Why Some Villagers in Romania Are Calling Prince Charles a ‘Curse’
Many people are probably aware that Prince Charles does a lot of charity work in his home country of England. However, Charles also goes abroad as well and tries to do meaningful work in other places, such as Romania.
Yet, Charles’ presence isn’t fully desired by everyone in Romania. In fact, some villagers are now calling Charles a “curse.”
Prince Charles has been visiting Transylvania since the 1990s
Charles first visited Romania in 1998 and has since fallen in love with the Transylvania region. He even boasts a bloodline relationship with Vlad the Impaler, the 15th century prince who inspired the story of Count Dracula.
Charles owns two guesthouses in Transylvania, and they are available for rent as holiday homes whenever Charles is not there.
Charles also does a lot of work in the Transylvanian village of Viscri. Viscri has about 500 people and is known for its fortified church, which is a UNESCO World Heritage Site. Charles has been visiting the village to promote the preservation of classic architecture and traditional farming techniques.
Viscri now attracts a lot of tourists because of Prince Charles
Thanks to Charles, Viscri is now seeing a huge increase in visitors. According to the BBC, Viscri has been attracting wealthy Romanians and foreign tourists. “It is also a desirable destination for entrepreneurs from Bucharest to open guesthouses and restaurants,” the BBC writes.
The news outlet noted that Viscri’s fortified church has seen an increase in visitors as well. In 2005, it sold 5,000 admission tickets, but that number increased to 15,000 in 2015 and 45,000 in 2019.
Prince Charles’ presence has been called a ‘blessing and a curse’
Although tourism can give an economy a much-needed boost, not everyone in Viscri is happy about the flock of tourists coming to their sleepy village because of Charles. For example, many locals seem to complain about the influx of cars.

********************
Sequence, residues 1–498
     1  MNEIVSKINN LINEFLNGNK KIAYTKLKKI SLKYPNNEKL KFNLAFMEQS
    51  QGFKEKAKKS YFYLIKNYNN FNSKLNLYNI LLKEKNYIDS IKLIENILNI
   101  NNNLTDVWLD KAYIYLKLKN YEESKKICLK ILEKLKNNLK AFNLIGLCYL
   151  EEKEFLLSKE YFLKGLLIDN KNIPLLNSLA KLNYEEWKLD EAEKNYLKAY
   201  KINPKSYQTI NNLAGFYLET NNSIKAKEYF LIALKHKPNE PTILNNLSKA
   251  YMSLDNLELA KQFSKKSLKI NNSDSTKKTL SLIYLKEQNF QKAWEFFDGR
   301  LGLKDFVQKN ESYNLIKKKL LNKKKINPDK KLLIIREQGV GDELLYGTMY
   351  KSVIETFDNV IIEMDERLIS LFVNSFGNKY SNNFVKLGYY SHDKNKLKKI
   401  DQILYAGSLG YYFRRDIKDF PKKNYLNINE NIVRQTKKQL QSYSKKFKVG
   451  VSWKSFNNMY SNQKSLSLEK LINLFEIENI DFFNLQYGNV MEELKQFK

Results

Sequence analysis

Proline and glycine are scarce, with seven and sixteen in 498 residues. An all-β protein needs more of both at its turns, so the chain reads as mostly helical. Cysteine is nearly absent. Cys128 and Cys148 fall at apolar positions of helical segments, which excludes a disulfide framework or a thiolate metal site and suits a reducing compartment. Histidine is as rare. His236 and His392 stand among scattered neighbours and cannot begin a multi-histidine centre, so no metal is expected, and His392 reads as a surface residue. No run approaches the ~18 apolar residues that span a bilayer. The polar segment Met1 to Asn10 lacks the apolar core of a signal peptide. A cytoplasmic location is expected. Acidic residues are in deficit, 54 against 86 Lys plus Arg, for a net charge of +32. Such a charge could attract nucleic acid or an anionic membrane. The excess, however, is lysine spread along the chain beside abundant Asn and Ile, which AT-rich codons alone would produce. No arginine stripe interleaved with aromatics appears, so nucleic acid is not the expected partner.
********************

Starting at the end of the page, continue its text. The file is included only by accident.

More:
The BBC reached out to villager Cristian Somu who points out that the abundance of cars have been affecting his animals’ feeding patterns. Somu says, “We have 70 chickens and ducks, but there are too many cars on the road now to let them out to eat the grass.”
Meanwhile, villagers Irina and Martin Lascu complain that the cars are creating a lot of dust in the air. “It’s really disturbing us, we can’t even open our windows,” Irina says.
Another negative side effect of the increase in tourism is the local prices. House prices have gone up and things in Viscri are no longer as cheap as before.
For Irina and a lot of people in the village, tourism has not been very beneficial for this reason. She says, “Tourism benefits only those who own restaurants and guesthouses. It doesn’t help us at all. Everything has become more expensive here, every year it gets harder.”
Fortunately, there is a mayoral candidate who wants to fix these problems. Cristian Radu is hoping to get elected as the mayor. He believes Viscri needs an administration who will tackle the issues at hand. Radu tells the BBC, “I think [Viscri] can still be saved, but unfortunately it can’t be done by people or NGOs anymore, it needs to be done by the local administration.”
It’s clear Charles’ presence has affected Viscri and the surrounding areas in dramatic ways. Radu’s wife, Ursula Radu-Fernolend, even calls him both a “blessing and a curse.”